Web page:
3. Murder by kin I was a bit surprised at how few of our survey participants considered "murder by kin" to be a relevant cause of death for bacteria. It is now well known that bacteria and archaea in the wild prefer to congregate in biofilms. And such aggregates are the venue for every conceivable form of cooperation and competition, and this applies to mixed‑species and mono‑species biofilms alike. When it comes to co‑inhabitants in biofilms, Vibrio cholerae, for example, are not squeamish: all other bacteria that come close enough to them are first shot on suspect ─ with their T6SS ─ and only if those hit have an antidote to the injected toxin do they survive this "identity check." This may well be kin, that is, a genetically almost identical Vibrio cholerae lacking the antidote. We had described this murder in the family setting in detail here, and mentioned that it is by no means restricted to the Vibrios. Several "secretion systems" ─ we currently know nine ─ are widespread among bacteria, and they probably all serve the purpose of keeping unwanted neighbors at arm's length, whether they are from the closer or more distant family.
4. Predation by phages By a wide margin, the preferred cause of death of bacteria and archaea in our poll (see frontispiece). And indeed, to my knowledge, there are no described bacteria and archaea that are not preyed upon by well over a dozen species‑specific phages (including those with a broad host range). Not even those that sport multiple sophisticated phage defense systems escape phage predation, but individual cells may. And this is also true for those species that we know only from their genome sequences, which usually contain integrated prophage genomes or telltale remnants thereof.
I pick here only one particularly impressive example, the phage WO, which has accompanied Wolbachia since this bacterium infected more than half of all known arthropods and settled there as endosymbiont (and has dramatic influences on the sex of the host's offspring). It is difficult to estimate, let alone measure, the contribution of phage WO to the death rate of intracellular Wolbachia (Figure 2).
5. Predation by protists In the lab, protists are most often successfully fed with bacteria, well‑ known examples being Acanthamoeba (see here in STC) and, of course, Dictyostelium. The latter eats away holes in a bacterial lawn that look like clear phage plaques at first glance (Figure 3). From such artificial lab conditions, under which "killing by protists" is the main cause of death for bacteria, it is of course not possible to extrapolate to conditions in the wild, or even in the human gut.
In the upper layers of the oceans, the number of picocyanobacteria doubles about every 2 days, but since their concentrations remain quite stable for weeks, regardless of seasonal fluctuations, half of them must either die and lyse, or fall prey to predators, mostly both the ubiquitous cyanophages and protists. Although by orders of magnitude less abundant than phages and bacteria, both heterotrophic and phototrophic protists, which often go "sideways" in their feeding, are efficient hunters. For example, a single Prorocentrum dinoflagellate ─ more a trapper than a hunter ─ can easily catch ~50 prokaryotic cells per day in its mucosphere for immediate consumption (see here in STC).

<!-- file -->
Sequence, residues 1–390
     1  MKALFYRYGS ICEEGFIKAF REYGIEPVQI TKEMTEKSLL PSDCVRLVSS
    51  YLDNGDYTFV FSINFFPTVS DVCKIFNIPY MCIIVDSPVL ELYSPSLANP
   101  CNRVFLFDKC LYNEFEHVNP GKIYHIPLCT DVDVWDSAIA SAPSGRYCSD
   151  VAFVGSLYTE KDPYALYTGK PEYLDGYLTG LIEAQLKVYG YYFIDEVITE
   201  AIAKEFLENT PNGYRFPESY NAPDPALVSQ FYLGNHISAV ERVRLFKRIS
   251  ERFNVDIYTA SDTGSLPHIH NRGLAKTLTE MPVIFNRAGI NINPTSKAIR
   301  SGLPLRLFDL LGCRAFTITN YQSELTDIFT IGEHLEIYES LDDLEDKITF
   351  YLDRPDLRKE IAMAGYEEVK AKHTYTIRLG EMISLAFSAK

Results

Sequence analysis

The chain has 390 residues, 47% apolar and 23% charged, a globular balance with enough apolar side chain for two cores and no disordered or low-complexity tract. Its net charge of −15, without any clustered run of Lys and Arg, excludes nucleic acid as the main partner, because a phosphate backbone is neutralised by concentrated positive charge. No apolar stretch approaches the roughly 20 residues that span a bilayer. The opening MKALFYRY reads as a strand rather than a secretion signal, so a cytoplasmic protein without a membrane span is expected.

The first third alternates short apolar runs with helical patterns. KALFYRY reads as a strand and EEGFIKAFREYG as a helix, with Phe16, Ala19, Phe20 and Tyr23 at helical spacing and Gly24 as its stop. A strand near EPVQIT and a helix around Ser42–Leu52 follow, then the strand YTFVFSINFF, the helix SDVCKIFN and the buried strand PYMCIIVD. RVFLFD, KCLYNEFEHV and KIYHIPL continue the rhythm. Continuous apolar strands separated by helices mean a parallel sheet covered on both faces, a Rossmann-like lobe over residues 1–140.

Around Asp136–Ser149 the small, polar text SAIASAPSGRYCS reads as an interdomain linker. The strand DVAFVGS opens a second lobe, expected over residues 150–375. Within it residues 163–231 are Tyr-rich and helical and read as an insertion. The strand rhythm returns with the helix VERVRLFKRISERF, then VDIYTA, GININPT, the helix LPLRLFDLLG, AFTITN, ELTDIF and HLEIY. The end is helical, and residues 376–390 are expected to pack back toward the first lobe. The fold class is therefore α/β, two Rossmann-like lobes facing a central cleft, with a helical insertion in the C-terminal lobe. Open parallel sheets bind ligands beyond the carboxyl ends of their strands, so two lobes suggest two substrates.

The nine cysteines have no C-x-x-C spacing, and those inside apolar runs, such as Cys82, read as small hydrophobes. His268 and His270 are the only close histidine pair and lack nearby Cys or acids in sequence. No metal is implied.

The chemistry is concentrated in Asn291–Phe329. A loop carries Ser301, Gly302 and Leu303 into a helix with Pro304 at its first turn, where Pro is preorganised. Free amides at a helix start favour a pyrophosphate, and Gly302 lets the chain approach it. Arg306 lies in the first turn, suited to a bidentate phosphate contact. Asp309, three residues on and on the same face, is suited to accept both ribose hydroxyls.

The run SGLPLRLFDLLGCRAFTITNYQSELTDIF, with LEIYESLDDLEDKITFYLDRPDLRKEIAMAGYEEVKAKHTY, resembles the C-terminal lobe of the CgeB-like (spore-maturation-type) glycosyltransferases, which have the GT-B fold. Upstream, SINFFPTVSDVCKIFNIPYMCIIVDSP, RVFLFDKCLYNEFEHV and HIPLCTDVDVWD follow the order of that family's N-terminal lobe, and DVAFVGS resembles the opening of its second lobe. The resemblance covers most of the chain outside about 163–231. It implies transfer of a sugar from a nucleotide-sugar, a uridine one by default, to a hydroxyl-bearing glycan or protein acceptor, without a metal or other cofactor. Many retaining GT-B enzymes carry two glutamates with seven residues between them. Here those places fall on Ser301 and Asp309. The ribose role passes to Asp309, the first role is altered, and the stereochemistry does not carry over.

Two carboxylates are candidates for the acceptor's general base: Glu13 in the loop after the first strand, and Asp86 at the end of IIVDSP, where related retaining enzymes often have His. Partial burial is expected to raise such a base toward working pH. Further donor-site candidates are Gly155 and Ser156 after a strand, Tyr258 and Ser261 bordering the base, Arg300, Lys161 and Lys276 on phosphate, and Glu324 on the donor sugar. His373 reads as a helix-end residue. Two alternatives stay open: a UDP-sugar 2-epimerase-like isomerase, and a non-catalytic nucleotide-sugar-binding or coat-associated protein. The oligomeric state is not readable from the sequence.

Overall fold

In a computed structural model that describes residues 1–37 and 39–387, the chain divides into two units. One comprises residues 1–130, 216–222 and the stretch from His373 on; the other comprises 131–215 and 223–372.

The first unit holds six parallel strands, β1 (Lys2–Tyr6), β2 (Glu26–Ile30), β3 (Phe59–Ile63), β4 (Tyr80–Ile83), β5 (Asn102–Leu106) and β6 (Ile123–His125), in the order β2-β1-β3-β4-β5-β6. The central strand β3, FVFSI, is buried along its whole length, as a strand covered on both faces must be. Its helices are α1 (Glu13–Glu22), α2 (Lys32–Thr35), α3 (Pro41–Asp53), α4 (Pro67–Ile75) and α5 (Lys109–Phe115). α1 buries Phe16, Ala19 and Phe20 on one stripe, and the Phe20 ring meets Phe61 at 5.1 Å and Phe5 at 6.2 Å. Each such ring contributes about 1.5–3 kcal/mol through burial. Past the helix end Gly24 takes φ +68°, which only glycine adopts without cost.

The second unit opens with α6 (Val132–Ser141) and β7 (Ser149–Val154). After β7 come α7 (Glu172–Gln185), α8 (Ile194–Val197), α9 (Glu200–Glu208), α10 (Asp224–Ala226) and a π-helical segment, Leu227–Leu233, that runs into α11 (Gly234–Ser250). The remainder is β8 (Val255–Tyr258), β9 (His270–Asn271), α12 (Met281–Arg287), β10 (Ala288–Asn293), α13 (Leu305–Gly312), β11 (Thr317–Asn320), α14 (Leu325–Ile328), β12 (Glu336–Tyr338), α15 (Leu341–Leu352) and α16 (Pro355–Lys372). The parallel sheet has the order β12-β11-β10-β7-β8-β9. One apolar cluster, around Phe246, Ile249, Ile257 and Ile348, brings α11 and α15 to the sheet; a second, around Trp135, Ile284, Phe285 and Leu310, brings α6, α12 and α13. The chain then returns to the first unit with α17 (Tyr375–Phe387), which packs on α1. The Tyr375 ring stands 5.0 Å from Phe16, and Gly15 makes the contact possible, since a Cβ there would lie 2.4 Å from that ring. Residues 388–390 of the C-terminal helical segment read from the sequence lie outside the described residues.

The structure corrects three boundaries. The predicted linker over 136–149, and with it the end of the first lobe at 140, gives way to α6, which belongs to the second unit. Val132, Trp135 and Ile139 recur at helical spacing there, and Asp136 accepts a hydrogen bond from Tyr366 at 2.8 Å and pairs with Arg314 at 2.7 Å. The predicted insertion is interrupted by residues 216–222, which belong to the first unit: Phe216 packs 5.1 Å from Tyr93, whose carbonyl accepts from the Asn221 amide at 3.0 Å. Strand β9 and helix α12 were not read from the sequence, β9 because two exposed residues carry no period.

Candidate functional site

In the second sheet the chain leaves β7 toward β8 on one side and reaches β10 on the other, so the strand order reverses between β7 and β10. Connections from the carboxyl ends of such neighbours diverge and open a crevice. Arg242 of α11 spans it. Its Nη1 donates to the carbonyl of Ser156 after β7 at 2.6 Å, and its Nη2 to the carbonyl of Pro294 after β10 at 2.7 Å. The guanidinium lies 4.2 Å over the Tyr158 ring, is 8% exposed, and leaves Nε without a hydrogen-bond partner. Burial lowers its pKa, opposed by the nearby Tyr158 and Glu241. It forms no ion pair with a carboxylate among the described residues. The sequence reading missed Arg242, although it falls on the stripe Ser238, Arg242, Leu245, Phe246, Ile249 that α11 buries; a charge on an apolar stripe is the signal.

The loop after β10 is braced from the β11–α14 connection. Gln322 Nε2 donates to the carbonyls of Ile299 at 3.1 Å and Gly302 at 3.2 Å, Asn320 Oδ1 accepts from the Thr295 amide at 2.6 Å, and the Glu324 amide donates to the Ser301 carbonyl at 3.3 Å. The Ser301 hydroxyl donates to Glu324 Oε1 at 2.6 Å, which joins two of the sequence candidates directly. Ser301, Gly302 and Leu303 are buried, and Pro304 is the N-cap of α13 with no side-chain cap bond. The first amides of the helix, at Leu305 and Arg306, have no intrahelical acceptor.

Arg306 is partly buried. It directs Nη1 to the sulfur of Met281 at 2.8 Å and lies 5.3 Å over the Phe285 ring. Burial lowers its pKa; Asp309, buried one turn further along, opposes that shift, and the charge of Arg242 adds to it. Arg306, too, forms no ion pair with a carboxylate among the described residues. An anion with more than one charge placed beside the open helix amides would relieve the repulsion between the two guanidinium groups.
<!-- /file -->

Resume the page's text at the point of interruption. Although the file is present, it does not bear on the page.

It is only anecdotal and therefore not really scientifically relevant, but I vividly remember the horror that haunted Blanca Perez Sepulveda during her PhD in David Scanlan's lab at Warwick University, UK, that the "grazers," the omnivorous protists, would decimate her precious long-term Synechococcus cultures; she found it much easier to tame the phages.
6. Other causes Alex Bisson (@Archaeon_Alex) suggested bleach as one of "other causes," and that was indeed appropriate as physicians and microbiologists often use it for efficient surface disinfection. In more natural settings, chlorine-based bleaches won't play a large role as chlorine is simply too reactive with anything that is even remotely oxidizable. This is different for peroxide-based bleaches as hydrogen peroxide (H2O2) and superoxide (•O2−), which belong to the reactive oxygen species (ROS), are byproducts of cell metabolism in all domains of life.
Many bacteria avoid being killed by ROS by the production of catalases, enzymes with among the highest known turnover numbers. Unless they can't, which is the case in picocyanobacteria. This deficiency in catalase in Prochlorococcus and Synechococcus results in their failure to form colonies on solid media unless they are grown in the presence of "helper" bacteria like catalase-positive Alteromonas (first explored by Morris et al. (2008) and also briefly mentioned here in STC).
Conclusion For all the death causes we asked about, they do occur in nature and in the lab. Each of them is the main death cause of individual bacterial cells under certain conditions. But it is perhaps presumptuous to try to pin down a single cause of death as the predominant one among bacteria and archaea in general. This could also be a valid answer to our Talmudic Question, but was not given as a choice in the poll. Our fault. Or, was it?